~ Biserno Label and Crest ~

Biserno was born out of estrangement and then reconciliation.

Piero Antinori and his brother Lodovico suffered what many brothers and especially wine families do; they had a falling out over professional philosophy.  As a result, in 1981 Lodovico split from the family firm, moved to the Tuscan coast, and went on to establish one of the icons of Maremma; Ornellaia.

During his time running Ornellaia, Lodovico learned of another property from his General Manager when they were searching for vineyards to expand the estate. He soon realized that the boulder strewn property would be a sizeable endeavor and a project unto itself.  As a result, he sold Tenuta dell’Ornellaia and set about creating a new estate.  He enlisted the help of his brother Piero and after renewing their relationship, Tenuta di Biserno was born.


~ The Tenuta di Biserno offices ~

It’s been several years since I checked in with Biserno so when several recent vintages arrived on my doorstep, it seemed a good time to renew my Verticale series.

The Tenuta di Biserno estate extends over 40 hectares and sits approximately 90 meters above sea level in Alta Maremma. Located in the commune of Bibbona, the properties lie just north of Bolgheri.  Over the years, the wine blend has followed the plantings of the vineyards. However, in recent years the blend has evolved to approximately 1/3 Cabernet Franc, 1/3 Cabernet, 1/3 Merlot and a small portion of Petit Verdot.  Michel Rolland is the consulting winemaker.

Tasting Biserno

Biserno 2015 – 30% Cabernet Franc, 34% Merlot, 28% Cabernet and 8% Petit Verdot.
Aging: 75% new French Barrique; 25% Second passage barrique

For this tasting we began with the 2015.  Dark, opaque purple in color with only the slightest crimson ring.  After decanting for one hour, the aromatics from the Cabernet Franc are dominating the nose.  Lilac, lavender and mint are prominent.  On the palate, this is the most structured and tannic of the three wines.  Blackberry, cigar tobacco, cedar and toasted spices are prevalent on the palate and the plushness of the wine is delivered by the Merlot.  The tannins melted away with the grilled strips you see but of the three wines, this is the most masculine. The overall style of Biserno is rounder, fuller and more lavish.  However, the quality is as high as the wines from Ornellaia.  95 points. Find this wine.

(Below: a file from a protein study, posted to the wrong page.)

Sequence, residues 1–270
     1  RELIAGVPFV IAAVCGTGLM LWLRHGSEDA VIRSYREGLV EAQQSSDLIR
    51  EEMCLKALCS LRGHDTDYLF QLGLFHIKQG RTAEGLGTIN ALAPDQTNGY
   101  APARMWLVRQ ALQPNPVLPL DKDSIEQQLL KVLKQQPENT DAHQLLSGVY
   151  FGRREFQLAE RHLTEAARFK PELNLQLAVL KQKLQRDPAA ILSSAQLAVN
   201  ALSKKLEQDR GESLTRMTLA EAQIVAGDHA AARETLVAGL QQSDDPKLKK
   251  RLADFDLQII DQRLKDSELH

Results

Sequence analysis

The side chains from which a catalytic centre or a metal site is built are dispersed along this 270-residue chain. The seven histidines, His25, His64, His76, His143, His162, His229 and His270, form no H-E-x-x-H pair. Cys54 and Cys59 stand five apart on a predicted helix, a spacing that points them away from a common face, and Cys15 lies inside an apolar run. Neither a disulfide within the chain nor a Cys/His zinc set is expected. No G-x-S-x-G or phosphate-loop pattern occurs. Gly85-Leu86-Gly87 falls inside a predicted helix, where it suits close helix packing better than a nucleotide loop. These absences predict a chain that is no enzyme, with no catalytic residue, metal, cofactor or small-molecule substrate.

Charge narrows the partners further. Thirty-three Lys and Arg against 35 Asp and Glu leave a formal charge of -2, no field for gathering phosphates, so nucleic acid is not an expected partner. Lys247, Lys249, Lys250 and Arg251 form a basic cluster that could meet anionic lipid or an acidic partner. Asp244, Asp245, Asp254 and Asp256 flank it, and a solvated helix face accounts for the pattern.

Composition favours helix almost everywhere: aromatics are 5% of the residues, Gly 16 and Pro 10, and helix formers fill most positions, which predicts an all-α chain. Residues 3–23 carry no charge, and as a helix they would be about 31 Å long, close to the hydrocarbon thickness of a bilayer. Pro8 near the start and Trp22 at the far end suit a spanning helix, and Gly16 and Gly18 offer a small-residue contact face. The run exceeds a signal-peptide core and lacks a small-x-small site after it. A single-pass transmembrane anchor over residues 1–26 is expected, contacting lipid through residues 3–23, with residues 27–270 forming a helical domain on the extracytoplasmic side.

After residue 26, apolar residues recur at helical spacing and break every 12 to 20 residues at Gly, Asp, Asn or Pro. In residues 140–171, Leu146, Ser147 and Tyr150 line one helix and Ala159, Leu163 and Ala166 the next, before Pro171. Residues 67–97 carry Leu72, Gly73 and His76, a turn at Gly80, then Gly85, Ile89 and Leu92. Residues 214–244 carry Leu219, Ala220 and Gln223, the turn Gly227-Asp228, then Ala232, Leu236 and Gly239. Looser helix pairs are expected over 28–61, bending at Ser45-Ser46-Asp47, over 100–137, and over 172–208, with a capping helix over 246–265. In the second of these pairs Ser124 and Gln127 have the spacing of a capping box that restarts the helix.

~ Biserno 2015 is the largest framed of the three vintages ~

Biserno 2016 – 30% Cabernet Franc, 36% Merlot, 30% Cabernet and 4% Petit Verdot.
Aging: 85% new French barrique; 15% Second passage barrique

On thing you note about the 2016 straight away is that it’s decidedly less masculine. The take away here is that I did not use the word *feminine*.    In the glass, the wine is an opaque purple color with again, a slight fade to crimson at the edge of the bowl.  Fragrant aromas of scrub herbs, crushed black fruits, toasted vanilla and blue flowers are discernible.  On the palate, the wine is more elegant and even more polished compared to the 2015.  The juicy core of crushed blackberry, plum, fennel and cedar presents itself vibrantly.  Everything stays fresh through the toasted coffee bean finish.  I love this effort.  97 points.  Find this wine.

Biserno 2016

~ The 2016 is also very aromatic but decidedly less masculine ~

Biserno 2017 –  29% Cabernet Franc, 34% Merlot, 30% Cabernet and 7% Petit Verdot.
Aging: 85% new French barrique; 15% Second passage barrique

It’s not fair to call the 2017 a weak vintage.  Overall, you could say that, but it doesn’t translate that way in the wine at all.  Production was the smallest of the three vintages and I was very pleasantly surprised at the quality here. Producer over vintage.

The 2017 is a deep violet in the glass and the least concentrated looking.  Cocoa powder, black fruits and toasted spices are bountiful on the nose.  There is also a hint of heat from the alcohol despite the fact that the 2015 comes in with the highest alcohol level at 15%.  (the 16 and 17 are both 14.5%)

Rich, ripe and forward with black cherry, black plum, toasted spices and coconut, this is a wild ride.  Concentrated and balanced but the heat of the vintage has taken a noticeable toll on the freshness of the wine.  It’s a marked contrast to the 15 and 16.  It’s very pretty, but at the price I would shell out for the other two vintages first.  93 points.  Find this wine.

Biserno 2017

~ It doesn’t seem fair to call this a weak vintage. Read on! ~

The Takeaways

In the market of premium Bolgheri based wines, this one is a relative bargain compared to some of the more established estates that dot the Tuscan coast line.  That being said, I find this to be built in a much more international style.  I would love to sneak this wine into a blind tasting of premium Napa Cabernet.  I do not think it’s Italian roots would give it away at all.  There’s no denying the quality in these wines. The Antinori’s and Rolland are intent on creating a premium product and they’ve succeeded. But readers need to understand that there is nothing rustic or traditional about Biserno. 

I have long experience tasting this wine so if you’re interested in, you can view my reviews of the 2012 and 2008.

More Verticale articles are planned so stay tuned.   Salute!

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